"Good!" exclaimed the old hermit, almost seizing the package which the soldier handed him.

He unwrapped it and joined the various sections together. It was, as I have said, a submarine telescope, but after a design entirely new, differing from the ordinary submarine telescope. It had an arm bent at right angles, with prismatic mirrors so that it was not only possible to see the bottom of the sea but by an adjustment also to see at right angles, or, as it were, around a corner.

 It was while he was joining this contrivance together that I came up from the end of the secret passage down to the wharf.

 "Why, here's Jameson," greeted Woodward. "I'm glad you're so much better."

 "Where's Elaine?" I interrupted breathlessly.

 They began to tell me.

 "Aren't you going to follow?" I cried.

 "Follow? How can we follow?"

 Excitedly I told of my discovery of the helmets.

"Just the thing!" exclaimed the hermit. "Send some one back to get them." Woodward quickly detached several soldiers to go with me and I hurried back to the bungalow, while others carried the submarine telescope to the boat.

 It was only a few minutes later that in Del Mar's own car, I drove up to the wharf again and we unloaded the curious submarine helmets and suits.

 Quickly Woodward posted several of his men to act as sentries on the beach, then with the rest we climbed into the launch and slipped off down the shore.

The launch which Woodward had commandeered moved along in the general direction which they had seen Del Mar and his men take with Elaine. With the telescope over the side, we cruised about slowly in a circle, Arnold gazing through the eyepiece. All of us were by this time in the diving-suits which I had brought from Del Mar's, except that we had not yet strapped on the helmets.

 Suddenly Arnold raised his hand and signalled to stop the launch.

 "Look!" he cried, indicating the eyepiece of the submarine telescope which he had let down over the side.

Woodward gazed into the eyepiece and then I did, also. There we could see the side of a submerged submarine a short distance away, through the cave-like entrance of what appeared to be a great under-water harbor.

 "What shall we do?" queried Woodward.

 "Attack it now before they are prepared," replied the hermit decisively. "Put on the helmets."

 All of us except those who were running the launch buckled on the head-pieces, wrapping our guns in waterproof covers which we had found with the suits.

 As soon as we had finished, one after another, we let ourselves over the side of the boat and sank to the bottom.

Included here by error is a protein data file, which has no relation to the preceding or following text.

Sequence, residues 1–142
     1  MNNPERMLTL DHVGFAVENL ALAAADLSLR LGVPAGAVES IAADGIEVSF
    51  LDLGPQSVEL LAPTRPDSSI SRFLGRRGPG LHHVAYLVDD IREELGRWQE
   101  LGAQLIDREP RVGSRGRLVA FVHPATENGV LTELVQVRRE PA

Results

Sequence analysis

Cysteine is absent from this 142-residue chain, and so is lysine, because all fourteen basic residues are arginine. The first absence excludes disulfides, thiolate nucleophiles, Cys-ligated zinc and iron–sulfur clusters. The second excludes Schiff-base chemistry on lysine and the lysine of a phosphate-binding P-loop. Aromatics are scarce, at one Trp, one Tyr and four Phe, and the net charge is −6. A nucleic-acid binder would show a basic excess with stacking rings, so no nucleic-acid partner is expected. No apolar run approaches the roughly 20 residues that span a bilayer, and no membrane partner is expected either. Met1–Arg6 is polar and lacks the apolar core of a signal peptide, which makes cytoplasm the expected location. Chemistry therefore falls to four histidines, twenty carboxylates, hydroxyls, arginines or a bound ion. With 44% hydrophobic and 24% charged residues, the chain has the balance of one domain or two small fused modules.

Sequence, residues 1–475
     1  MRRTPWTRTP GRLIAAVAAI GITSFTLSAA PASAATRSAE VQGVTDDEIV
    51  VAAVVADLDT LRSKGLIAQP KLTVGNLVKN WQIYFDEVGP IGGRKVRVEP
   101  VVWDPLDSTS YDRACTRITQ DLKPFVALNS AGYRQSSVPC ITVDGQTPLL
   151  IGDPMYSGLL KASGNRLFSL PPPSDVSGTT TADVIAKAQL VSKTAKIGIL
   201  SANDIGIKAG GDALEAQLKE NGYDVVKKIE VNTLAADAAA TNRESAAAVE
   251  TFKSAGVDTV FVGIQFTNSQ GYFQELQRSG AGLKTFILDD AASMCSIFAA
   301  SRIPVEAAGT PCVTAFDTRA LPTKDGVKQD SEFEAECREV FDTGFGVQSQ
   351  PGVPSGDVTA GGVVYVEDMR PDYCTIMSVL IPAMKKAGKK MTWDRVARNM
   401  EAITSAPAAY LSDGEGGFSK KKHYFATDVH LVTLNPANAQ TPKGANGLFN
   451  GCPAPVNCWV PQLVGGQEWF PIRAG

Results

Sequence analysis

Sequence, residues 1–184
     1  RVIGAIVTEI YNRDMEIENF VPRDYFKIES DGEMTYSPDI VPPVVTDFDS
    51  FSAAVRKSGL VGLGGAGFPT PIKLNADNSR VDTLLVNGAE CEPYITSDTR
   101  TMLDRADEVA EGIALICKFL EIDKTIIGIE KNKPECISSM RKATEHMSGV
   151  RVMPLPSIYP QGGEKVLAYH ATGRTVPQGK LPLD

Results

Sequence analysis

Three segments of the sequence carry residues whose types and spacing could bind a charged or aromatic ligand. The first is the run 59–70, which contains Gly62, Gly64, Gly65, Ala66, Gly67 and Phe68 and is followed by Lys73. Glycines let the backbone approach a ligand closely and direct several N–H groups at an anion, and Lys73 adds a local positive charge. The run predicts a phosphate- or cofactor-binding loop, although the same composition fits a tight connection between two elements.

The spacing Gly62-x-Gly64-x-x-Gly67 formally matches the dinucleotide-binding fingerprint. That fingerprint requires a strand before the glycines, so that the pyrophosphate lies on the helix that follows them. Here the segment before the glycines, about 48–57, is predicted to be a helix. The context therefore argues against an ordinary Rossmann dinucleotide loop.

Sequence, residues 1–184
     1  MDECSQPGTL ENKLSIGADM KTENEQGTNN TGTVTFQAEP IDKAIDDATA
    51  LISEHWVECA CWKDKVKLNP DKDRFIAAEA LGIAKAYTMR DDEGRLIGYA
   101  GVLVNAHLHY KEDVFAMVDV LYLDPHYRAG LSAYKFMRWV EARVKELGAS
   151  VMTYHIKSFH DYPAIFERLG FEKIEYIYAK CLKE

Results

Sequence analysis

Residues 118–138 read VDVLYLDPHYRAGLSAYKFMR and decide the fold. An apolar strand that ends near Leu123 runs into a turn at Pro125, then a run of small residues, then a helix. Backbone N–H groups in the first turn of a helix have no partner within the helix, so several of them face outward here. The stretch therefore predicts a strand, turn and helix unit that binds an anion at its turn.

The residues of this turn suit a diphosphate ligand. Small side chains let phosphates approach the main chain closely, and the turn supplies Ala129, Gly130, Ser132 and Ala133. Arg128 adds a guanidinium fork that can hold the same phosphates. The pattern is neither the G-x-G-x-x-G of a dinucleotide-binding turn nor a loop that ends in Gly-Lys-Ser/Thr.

On the bottom we gathered and slowly, in the heavy unaccustomed helmets and cumbersome suits, we made our way in a body through the entrance of the harbor.

 Upward through the archway we went, clinging to rocks, anything, but always upward.

 As we emerged a shot rang out. One of our men threw up his arms and fell back into the water.

 On we pressed.

. . . . . . .

Elaine sat in a corner of the office, mute, while the man who was guarding her, heavily armed, paced up and down.

Suddenly an overwhelming desire came over her to attempt an escape. But no sooner had she made a motion as though to run through the door than the man seized her and drove her back to her corner.

 "Take your positions here," ordered Del Mar to several of the men. "If you see anybody come up through the water, these hand grenades ought to settle them."

 Along the ledge the men were stationed each with a pile of the grenades before him.

 "See!" cried one of them from the ledge as he caught sight of one of our helmets appearing.

The others crouched and stared. Del Mar himself hurried forward and gazed in the direction the man indicated. There they could see Woodward, Arnold and the rest of us just beginning to climb up out of the water.

 Del Mar aimed and fired. One of the men had thrown up his arms with a cry and fallen back into the water.

 Invaders seemed to swarm up now in every direction from the water.

On the semi-circular ledge about one side of the harbor, Del Mar's men were now ranged in close order near a submarine, whose hatch was open to receive them, ready to repel the attack and if necessary retreat into the under-sea boat.

 They fired sharply at the figures that rose from the water. Many of the men fell back, hit, but, in turn, a large number managed to gain a foothold on the ledge.

Led by Woodward and Arnold, they formed quickly and stripped off the waterproof coverings of their weapons, returning the fire sharply. Things were more equal now. Several of Del Mar's men had fallen. The smoke of battle filled the narrow harbor.

 In the office Elaine listened keenly to the shots. What did it all mean? Clearly it could be nothing less than assistance coming.

The man on guard heard also and his uncontrollable curiosity took him to the door. As he gazed out Elaine saw her chance. She made a rush at him and seized him, wresting the rifle from his hands before he knew it. She sprang back just as he drew his revolver and fired at her. The shot just narrowly missed her, but she did not lose her presence of mind. She fired the rifle in turn and the man fell.